The last few weeks have been strange. I’ve come to the blank page on several occasions and found myself staring into space feeling like I have absolutely nothing to say. Nothing new anyway. No shortage of thoughts buzzing around in my somewhat soggy brain but a feeling of reluctance about writing them down and sharing them.
Surgery a few weeks ago. Nothing to worry about, just a straightforward and final procedure to improve the er, look of things in the chest area. Compared to the ordeal of a mastectomy this latest trip under the surgeon’s knife is really barely worth mentioning – could almost have been called a mini break. One night away from home, breakfast in bed, complimentary paper and no kids. I really know how to live.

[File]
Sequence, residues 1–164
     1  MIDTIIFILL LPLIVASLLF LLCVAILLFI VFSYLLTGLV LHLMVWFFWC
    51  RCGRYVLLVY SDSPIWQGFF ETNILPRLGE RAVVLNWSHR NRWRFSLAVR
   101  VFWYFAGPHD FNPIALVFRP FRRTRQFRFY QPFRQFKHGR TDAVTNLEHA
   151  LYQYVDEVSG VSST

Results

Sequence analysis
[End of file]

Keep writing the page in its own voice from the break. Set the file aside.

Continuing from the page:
The sensible, rational me knew that there was nothing to worry about. That I wasn’t being admitted into hospital as a sick person and so there was no need to behave like one. The sensible, rational me gets dwarfed and shouted down by a neurotic, fear ridden crazy lady and I spent the days leading up the op in a state of real anxiety. Pre-op blood tests are routine for anybody about to go under the surgeon’s knife but after cancer they carry a little more weight. Hardly surprising, par for the course etc but nearly three years on I wonder if I should be managing the concerns I feel a little better?
‘It’ll get easier’ That’s what everyone said in those early, post treatment, days as I stumbled around doing my best to start living in a vaguely normal way again. And it does, kind of. You have days, weeks and if you’re lucky months of not giving illness much thought, you feel fighting fit and warrior like. You hit certain milestones, celebrate life and good health and then get on with the important business of living. That’s the idea, anyway.
I’m yet to master the art of fearless living and doubt I ever really will. The real victory is learning to live with it, link arms with it or simply just stick two fingers up at it. In the nicest possible way, of course..